Will I Owe Any Money On The Contract If I Cancel During The Three
If you cancel the contract, the security interest on your home is no longer valid, your home is no longer collateral and cant be used to pay the lender. You dont have to pay anything, and any amounts you paid must be refunded, including the finance charge and other charges, such as application fees, appraisal fees or title search fees, whether paid to the lender or to another company that is part of the credit transaction. The lender has 20 days after receiving your notice to return all money or property you paid as part of the transaction and to release their interest in your home as collateral, which they must do even though the security interest is no longer valid from the day the lender received your cancellation notice.
If you got money or property from the lender, you can keep it until the lender shows that your home is no longer being used as collateral and returns any money youve paid. Then, you must offer to return the lenders money or property. If the lender doesnt claim the money or property within 20 days, you can keep it.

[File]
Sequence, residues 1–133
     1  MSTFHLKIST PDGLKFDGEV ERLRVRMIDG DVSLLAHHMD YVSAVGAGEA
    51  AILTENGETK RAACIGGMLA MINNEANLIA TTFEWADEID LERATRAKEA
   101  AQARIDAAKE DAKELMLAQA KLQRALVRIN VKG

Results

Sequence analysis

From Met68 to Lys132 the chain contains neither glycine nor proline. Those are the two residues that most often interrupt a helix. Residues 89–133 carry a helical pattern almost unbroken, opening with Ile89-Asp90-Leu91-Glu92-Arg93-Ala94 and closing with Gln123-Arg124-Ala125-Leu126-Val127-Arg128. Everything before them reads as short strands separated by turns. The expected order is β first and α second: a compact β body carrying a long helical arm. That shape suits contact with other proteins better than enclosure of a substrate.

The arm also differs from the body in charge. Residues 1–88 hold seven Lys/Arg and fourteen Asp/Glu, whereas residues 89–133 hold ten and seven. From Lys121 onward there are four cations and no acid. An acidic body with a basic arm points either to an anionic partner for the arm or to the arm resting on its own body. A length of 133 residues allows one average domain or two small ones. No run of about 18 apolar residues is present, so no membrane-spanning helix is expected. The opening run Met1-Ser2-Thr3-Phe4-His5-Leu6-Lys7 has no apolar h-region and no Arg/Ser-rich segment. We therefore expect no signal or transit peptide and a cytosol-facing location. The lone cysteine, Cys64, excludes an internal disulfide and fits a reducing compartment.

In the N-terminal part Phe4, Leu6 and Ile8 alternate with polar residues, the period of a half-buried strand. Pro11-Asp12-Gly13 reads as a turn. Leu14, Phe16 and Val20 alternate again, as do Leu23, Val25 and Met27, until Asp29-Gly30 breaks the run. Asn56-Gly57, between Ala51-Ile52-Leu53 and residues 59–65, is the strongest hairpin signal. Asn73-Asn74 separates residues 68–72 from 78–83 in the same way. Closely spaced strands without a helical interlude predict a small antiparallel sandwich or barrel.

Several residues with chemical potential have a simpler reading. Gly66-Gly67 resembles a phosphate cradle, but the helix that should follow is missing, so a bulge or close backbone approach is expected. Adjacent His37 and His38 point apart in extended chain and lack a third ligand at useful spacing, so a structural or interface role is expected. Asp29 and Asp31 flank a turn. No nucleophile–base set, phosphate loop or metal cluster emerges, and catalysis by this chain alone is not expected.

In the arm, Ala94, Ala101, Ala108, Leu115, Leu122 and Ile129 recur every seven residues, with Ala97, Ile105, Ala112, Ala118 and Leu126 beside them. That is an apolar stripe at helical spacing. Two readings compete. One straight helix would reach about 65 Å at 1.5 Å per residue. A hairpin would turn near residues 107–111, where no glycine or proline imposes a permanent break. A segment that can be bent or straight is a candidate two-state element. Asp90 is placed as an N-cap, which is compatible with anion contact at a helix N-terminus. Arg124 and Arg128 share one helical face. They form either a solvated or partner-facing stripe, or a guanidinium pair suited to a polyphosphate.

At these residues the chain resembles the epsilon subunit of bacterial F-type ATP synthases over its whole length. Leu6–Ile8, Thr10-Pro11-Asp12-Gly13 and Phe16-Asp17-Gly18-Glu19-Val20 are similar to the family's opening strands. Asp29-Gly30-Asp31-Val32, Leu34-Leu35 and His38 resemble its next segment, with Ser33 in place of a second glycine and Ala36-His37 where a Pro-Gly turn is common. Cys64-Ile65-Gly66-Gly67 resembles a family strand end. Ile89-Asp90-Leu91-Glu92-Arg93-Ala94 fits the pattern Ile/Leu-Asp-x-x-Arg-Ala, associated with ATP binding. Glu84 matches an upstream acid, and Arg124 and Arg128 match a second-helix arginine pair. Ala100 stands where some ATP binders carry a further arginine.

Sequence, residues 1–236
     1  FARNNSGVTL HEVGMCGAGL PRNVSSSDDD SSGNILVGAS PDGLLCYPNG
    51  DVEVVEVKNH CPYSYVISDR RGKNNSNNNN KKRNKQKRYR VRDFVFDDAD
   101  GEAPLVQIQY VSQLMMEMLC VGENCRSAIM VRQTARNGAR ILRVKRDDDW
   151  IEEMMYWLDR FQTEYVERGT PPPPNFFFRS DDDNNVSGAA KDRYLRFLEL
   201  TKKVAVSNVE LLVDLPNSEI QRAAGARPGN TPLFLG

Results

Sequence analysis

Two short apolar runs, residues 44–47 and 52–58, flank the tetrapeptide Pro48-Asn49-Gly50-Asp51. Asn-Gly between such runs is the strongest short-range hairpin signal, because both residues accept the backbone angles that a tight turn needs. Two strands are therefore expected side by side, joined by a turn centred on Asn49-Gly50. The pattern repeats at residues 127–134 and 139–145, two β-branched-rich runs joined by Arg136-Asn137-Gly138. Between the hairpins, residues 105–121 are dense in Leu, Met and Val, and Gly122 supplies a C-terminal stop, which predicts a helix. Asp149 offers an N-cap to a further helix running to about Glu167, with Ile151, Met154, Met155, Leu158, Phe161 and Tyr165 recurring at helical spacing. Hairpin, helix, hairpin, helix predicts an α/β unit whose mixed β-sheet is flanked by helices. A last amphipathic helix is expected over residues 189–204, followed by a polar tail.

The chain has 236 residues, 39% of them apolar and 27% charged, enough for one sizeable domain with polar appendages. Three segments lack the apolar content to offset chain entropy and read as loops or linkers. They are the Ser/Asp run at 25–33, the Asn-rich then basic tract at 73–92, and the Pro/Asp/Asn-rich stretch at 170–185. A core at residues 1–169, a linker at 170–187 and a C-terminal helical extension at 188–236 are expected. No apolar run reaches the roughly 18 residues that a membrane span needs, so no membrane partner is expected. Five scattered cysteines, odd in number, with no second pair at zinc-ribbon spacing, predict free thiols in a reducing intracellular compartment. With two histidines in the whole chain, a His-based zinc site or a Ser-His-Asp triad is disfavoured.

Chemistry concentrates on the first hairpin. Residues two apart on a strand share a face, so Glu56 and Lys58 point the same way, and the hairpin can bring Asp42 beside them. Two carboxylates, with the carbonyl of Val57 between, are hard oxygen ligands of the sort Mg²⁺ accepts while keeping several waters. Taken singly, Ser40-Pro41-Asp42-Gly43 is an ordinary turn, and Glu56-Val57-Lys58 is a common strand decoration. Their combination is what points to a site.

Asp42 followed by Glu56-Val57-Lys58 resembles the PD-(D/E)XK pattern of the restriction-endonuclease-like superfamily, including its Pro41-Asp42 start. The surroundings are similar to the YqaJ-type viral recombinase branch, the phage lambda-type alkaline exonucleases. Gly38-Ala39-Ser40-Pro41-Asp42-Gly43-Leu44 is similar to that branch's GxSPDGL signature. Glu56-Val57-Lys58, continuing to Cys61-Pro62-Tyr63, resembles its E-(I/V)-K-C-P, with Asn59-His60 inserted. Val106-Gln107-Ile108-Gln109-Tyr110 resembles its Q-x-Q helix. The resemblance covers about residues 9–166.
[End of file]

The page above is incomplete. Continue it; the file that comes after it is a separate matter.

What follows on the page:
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Con #: It Puts Your Home Equity On The Line
Unsecured debts, like credit cards, arent tied to any specific collateral. If you dont pay, theres the chance that you could end up getting sued but no one is going to come in and try to seize your personal property. A home equity loan, however, is backed by your property and if you find yourself unable to make the payments, theres the possibility that you could lose the home. If your income takes a hit and you dont have anything in savings to cover the gap, you could find yourself out on the street if the bank decides to foreclose.
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A home equity loan can be a useful tool for consolidating debt but its not always the right choice. Before you tap your homes equity, its worth it to look at every possible avenue to minimize the risks.